A mix of technology, body parts, and products, the common denominator for my top waterwise tools below is their startling value to sustainability. They embody Marshall McLulan‘s aphorism: “We shape our tools, and thereafter our tools shape us.”
The water meter is a veritable truth-teller on use by day, by zone, by function. I read ours daily for real-time actionable data and early leak signals. Make it your new best friend.
Whether an app or paper and pencil, spreadsheets tell it like it is. I have two. One allocates supply and tracks daily actuals vs. budget. The other manages each zone’s irrigation to spot issues and optimize scheduling based on weather and plant performance. Leave no stone, oops gallon, unturned.
#3. Hose nozzle
The humble nozzle is less costly ($5) and bigger impact (90%) than any other water-saving device like high-efficiency toilets, low-flow shower heads, or smart controllers. California drought regulations ban hoses without nozzles to wash cars. They’re non-starters in gardens too.
#4. Lightweight coiled hose
Forget traditional garden hoses. They’re shockingly wasteful. Instead use a small-diameter hose that stretches and automatically rebounds. I sing their praises.
#5. Eyes and ears
Channel your inner Sherlock Holmes and observe small details. Clues to robbers lie in puddles, squirts, or hisses (leak), ailing plants (overwater), disturbed earth (critters), and the like.
Overwatering, more common and damaging to plantings than under, is incredibly wasteful. Feel the soil by emitters after irrigation or rain to determine how much to do when.
#7. Screwdriver / dandelion digger / soil probe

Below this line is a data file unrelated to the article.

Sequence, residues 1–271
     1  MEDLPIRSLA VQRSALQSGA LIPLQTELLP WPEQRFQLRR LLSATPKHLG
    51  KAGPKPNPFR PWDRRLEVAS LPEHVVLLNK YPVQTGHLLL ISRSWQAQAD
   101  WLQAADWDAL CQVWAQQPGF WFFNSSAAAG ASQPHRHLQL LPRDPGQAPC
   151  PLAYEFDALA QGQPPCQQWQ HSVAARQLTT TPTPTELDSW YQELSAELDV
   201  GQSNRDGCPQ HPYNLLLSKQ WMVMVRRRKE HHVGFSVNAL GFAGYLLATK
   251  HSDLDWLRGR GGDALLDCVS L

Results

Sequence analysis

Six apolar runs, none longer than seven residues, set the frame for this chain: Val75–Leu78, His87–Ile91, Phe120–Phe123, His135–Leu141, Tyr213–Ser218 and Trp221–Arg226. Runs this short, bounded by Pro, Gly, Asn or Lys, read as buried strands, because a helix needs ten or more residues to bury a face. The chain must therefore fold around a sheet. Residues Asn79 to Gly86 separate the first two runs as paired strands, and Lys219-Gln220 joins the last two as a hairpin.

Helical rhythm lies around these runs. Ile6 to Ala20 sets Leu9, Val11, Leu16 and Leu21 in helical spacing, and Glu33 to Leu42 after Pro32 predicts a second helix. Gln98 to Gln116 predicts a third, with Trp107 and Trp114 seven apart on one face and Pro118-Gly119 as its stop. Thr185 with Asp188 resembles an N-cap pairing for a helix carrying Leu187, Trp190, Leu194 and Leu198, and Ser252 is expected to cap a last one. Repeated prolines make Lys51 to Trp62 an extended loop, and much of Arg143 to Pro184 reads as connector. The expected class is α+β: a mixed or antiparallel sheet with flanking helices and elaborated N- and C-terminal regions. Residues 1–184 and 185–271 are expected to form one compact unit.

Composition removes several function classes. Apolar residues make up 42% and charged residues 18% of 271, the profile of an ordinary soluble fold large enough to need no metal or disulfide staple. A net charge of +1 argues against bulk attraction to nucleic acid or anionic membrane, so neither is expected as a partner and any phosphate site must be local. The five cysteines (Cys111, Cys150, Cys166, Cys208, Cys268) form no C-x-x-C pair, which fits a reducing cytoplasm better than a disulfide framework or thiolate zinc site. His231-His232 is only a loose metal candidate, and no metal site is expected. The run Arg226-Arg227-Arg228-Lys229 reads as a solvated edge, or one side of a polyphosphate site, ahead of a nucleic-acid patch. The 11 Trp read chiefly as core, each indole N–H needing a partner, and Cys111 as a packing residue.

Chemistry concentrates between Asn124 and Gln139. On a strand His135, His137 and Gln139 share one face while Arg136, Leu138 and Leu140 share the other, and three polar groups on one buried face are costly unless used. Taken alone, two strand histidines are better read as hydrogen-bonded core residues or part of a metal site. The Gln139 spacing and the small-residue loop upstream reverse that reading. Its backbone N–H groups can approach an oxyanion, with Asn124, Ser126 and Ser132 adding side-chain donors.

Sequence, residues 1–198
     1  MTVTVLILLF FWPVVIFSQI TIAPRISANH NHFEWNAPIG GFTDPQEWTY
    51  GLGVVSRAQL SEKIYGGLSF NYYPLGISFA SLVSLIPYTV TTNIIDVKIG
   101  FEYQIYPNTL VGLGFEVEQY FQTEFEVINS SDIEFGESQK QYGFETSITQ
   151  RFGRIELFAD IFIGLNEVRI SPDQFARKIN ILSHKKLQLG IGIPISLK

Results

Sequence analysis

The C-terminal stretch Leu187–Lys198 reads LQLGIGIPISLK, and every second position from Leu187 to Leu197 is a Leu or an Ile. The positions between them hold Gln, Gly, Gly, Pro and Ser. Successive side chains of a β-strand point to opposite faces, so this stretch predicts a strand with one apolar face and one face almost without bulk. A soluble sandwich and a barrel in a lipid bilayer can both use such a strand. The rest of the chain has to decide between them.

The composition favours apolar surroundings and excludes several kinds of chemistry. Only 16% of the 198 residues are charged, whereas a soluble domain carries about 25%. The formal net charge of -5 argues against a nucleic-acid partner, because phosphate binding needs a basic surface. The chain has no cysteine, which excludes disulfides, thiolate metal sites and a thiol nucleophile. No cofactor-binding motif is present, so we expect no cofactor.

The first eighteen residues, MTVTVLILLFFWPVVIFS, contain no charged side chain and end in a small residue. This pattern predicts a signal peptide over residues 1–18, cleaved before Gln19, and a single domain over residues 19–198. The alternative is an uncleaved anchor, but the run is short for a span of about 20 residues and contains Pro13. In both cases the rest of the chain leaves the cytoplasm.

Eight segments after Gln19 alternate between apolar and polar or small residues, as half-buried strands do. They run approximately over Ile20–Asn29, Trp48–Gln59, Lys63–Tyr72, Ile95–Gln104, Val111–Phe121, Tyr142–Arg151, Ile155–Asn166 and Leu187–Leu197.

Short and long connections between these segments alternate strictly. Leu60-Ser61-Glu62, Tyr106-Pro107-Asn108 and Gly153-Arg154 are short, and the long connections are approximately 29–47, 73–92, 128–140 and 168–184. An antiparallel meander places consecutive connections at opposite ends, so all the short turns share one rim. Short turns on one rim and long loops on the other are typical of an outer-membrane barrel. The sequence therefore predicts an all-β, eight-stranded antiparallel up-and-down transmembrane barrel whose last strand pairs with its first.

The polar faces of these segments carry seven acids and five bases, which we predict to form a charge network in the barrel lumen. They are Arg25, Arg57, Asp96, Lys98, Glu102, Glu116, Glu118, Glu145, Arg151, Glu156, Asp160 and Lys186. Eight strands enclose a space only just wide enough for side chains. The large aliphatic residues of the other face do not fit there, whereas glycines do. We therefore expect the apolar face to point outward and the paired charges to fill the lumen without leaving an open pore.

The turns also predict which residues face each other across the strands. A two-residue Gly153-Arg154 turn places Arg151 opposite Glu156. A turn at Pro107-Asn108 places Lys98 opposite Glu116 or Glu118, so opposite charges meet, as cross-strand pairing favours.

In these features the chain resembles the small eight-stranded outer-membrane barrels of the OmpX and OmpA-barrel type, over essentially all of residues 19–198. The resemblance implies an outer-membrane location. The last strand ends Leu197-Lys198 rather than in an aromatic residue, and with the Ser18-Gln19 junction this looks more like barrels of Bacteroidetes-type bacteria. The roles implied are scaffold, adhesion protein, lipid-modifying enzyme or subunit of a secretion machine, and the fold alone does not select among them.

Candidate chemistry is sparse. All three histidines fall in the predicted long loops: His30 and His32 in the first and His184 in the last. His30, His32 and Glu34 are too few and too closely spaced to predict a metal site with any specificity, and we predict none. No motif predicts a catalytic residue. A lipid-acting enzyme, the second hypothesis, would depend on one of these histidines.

To figure out if a plant gets too much or too little water, go down deep to check soil moisture with a screwdriver, dandelion digger, or soil probe such as a Soil Sleuth. Or if soil is softer than ours, simply poke with what Nan Sterman calls “10 little moisture sensors (your fingers).”
It’s a bird, it’s a plane, it’s Supermulch! The glories and necessities of this water-saving tool are covered (pun intended) in Revere Mulch.
#9. Newer-generation irrigation
Drip, micro-rotors, smart clocks, and soil moisture sensors are adaptations from commercial agriculture and perennially-dry countries such as Israel. Old can often swap out for new, as in retrofitting spray sprinklers to drip for plants or to microsprayers for lawn.
#10. Controller manual mode
In early 2014 I shut off our controller‘s auto mode and cut programming settings. Manual activation and regular tuning have optimized water use and plant health. Humans 1: automatons 0.
While not directly saving water, these 2 bonus entries’ motivational powers warrant their inclusion:
Snap photos of an aloe in bloom, ceonythus with new growth, or other signs of a hard-fought battle to garden responsibly. Scroll through them to sooth any angst during the next hot spell.
When the Fed Ex driver saw how beat up my hands were from gardening sans gloves, he showed me his Nitrile gloves. With a fit like a second skin, no task is too daunting and my blisters, cuts, and dirt under nails are gone. I, a former glove-averse gardener, am a convert. Pass it on.